6 found
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  1.  21
    The digital transformation of work: A relational view.Carlos Rodriguez-Lluesma, Pablo García-Ruiz & Javier Pinto-Garay - 2020 - Business Ethics: A European Review 30 (1):157-167.
    Business Ethics: A European Review, EarlyView.
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  2.  24
    Pricing for a Common Good: beyond Ethical Minimalism in Commercial Practices.Javier Pinto-Garay, Ignacio Ferrero & Germán Scalzo - 2021 - Philosophy of Management 20 (3):271-291.
    Pricing policies and fair-trade practices are critical for sustaining commercial relationships between firms and customers. Nevertheless, in current business practices, fairness has been mistakenly reduced to a minimalistic ethic wherein justice only demands legal and explicit norms to which commercial parties voluntarily agree. Aimed at giving a different explanation of commercial agreements, this paper will introduce a Virtue Ethics (VE) explanation of the relationship between pricing and the common good by taking up classical concepts related to justice in commerce. In (...)
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  3.  17
    Whose work? Which markets? Rethinking work and markets in light of virtue ethics.Martin Schlag, Germán Scalzo & Javier Pinto-Garay - 2022 - Business Ethics, the Environment and Responsibility 32 (3):4-14.
    Neo‐Aristotelian virtue ethics applied to work and business theory have received increasing attention due to Alasdair MacIntyre's philosophy. At the same time, this approach has been accused of being inapplicable, a romantic nostalgia for an ideal world far from the reality of today's markets. Moreover, the more this theory evolves, the bigger the gap seems to become, as if good work were at odds with its economic dimension. This paper aims to address this gap by explaining how MacIntyre's neo‐Aristotelianism conceives (...)
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  4.  24
    Autonomy and Subordination.Javier Pinto-Garay, Germán Scalzo & Ignacio Ferrero - 2021 - Business and Professional Ethics Journal 40 (1):47-80.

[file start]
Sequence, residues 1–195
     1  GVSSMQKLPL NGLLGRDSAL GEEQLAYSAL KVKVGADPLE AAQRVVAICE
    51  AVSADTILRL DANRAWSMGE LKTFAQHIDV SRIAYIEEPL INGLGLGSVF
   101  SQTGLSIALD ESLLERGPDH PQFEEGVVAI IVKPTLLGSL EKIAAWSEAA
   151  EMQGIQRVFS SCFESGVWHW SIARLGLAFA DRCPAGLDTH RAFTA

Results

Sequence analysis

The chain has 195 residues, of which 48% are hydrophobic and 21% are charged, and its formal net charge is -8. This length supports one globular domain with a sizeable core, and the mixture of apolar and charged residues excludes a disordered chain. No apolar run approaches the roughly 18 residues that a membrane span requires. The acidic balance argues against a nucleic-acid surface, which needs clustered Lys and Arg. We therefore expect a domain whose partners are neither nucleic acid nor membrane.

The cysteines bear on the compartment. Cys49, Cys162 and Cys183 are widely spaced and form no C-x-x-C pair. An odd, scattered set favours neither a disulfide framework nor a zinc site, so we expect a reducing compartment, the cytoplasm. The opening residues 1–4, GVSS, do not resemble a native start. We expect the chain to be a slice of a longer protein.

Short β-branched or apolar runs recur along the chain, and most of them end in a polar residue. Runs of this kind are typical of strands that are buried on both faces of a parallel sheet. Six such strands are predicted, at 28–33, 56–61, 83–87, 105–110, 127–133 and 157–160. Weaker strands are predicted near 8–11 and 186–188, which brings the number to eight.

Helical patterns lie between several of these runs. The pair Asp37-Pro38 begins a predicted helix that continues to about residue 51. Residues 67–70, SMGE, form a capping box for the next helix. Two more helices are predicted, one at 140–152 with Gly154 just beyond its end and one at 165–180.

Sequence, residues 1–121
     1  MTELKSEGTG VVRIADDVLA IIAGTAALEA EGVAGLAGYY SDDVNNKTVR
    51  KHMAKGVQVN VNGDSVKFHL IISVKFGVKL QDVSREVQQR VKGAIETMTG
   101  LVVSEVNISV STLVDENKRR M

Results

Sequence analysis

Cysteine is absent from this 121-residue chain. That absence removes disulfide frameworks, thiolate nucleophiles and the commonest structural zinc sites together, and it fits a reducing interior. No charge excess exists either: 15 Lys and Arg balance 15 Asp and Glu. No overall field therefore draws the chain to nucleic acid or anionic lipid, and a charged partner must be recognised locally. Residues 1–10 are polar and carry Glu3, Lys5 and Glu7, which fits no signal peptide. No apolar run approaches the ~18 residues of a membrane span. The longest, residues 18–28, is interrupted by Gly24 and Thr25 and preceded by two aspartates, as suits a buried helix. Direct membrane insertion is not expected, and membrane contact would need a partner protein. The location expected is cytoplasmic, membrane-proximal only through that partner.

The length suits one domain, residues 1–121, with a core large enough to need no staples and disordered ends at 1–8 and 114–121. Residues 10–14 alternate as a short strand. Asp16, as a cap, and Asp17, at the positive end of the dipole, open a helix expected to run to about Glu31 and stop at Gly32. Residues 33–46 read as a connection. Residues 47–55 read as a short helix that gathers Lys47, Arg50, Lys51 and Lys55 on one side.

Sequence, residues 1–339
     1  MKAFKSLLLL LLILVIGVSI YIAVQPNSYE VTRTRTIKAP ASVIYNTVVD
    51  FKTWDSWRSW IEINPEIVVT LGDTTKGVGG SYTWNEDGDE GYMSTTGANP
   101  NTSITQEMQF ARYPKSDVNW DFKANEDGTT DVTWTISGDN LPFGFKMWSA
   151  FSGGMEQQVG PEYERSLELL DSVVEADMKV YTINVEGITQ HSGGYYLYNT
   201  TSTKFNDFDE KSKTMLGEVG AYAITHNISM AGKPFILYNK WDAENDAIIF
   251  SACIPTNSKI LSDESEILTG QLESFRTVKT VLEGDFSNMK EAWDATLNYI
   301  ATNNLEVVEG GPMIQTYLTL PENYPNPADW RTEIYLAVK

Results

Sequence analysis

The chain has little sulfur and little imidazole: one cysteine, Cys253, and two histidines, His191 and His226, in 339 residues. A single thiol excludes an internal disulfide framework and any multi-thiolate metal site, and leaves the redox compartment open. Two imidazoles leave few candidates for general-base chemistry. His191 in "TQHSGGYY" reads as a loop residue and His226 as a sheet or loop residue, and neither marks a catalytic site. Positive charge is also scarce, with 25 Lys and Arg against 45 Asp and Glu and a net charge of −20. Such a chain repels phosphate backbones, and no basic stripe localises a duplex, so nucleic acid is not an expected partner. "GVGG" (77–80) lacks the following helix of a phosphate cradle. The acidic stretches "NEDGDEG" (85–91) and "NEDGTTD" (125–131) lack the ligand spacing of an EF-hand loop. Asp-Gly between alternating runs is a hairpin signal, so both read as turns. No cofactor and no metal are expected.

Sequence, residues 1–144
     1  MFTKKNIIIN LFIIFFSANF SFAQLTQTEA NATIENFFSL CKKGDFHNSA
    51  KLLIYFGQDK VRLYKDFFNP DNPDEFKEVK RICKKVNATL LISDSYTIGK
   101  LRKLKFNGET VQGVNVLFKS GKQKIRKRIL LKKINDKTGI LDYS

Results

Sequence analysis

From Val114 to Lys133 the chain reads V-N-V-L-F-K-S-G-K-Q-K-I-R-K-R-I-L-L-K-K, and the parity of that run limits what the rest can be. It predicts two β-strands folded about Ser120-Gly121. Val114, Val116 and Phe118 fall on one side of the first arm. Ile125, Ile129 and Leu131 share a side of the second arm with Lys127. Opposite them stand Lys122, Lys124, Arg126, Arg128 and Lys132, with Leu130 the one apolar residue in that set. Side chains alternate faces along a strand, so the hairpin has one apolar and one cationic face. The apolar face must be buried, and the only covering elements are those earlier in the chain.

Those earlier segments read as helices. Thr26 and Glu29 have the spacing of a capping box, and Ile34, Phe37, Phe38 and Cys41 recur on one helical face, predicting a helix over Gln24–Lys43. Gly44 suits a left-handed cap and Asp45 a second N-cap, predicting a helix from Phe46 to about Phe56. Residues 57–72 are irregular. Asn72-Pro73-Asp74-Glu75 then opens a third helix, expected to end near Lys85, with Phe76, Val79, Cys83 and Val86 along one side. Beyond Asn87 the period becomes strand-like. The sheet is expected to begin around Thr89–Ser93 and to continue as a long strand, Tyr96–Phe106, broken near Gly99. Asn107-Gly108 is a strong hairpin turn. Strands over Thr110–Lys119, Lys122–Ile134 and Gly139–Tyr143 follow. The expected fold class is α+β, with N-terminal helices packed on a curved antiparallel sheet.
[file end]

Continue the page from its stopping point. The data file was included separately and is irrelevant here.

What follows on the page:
This paper aims to integrate the concept of autonomous and subordinated work into Aristotelian organizational theory by enhancing the epistemological framework of neo-Aristotelianism and by adding a Thomistic interpretation of organizational practical knowledge. We sustain that, in order to advance our understanding of the firm in terms of excellence and the common good, the concept of practical knowledge applied to organizational theory requires reflection on the nature of work in modern organizations. For this, we will explain how an organization that (...)
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  5.  13
    The Narrative Dimension of Productive Work: Craftsmanship and Collegiality in the Quest for Excellence in Modern Productivity.Javier Pinto-Garay, Germán Scalzo & Carlos Rodríguez Lluesma - 2022 - Philosophy of Management 21 (2):245-264.
    Alasdair MacIntyre´s criticism of Modernity essentially refers to the problem of compartmentalization, which restricts the possibility of achieving excellence in an integral lifestyle. Among other reasons, compartmentalization is especially derived from an insular valorization of the workplace based on a reductionist understanding of productivity in terms of mere efficiency. Aimed at overcoming the moral confusion derived from the overestimation of technical, skilled productivity and individualistic cooperation in private corporations, this article offers a thicker explanation of MacIntyre’s theory of productive work (...)
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    Whose work? Which markets? Rethinking work and markets in light of virtue ethics.Javier Pinto-Garay, Germán Scalzo & Martin Schlag - 2023 - Business Ethics, the Environment and Responsibility 32 (S1):4-14.
    Neo-Aristotelian virtue ethics applied to work and business theory have received increasing attention due to Alasdair MacIntyre's philosophy. At the same time, this approach has been accused of being inapplicable, a romantic nostalgia for an ideal world far from the reality of today's markets. Moreover, the more this theory evolves, the bigger the gap seems to become, as if good work were at odds with its economic dimension. This paper aims to address this gap by explaining how MacIntyre's neo-Aristotelianism conceives (...)
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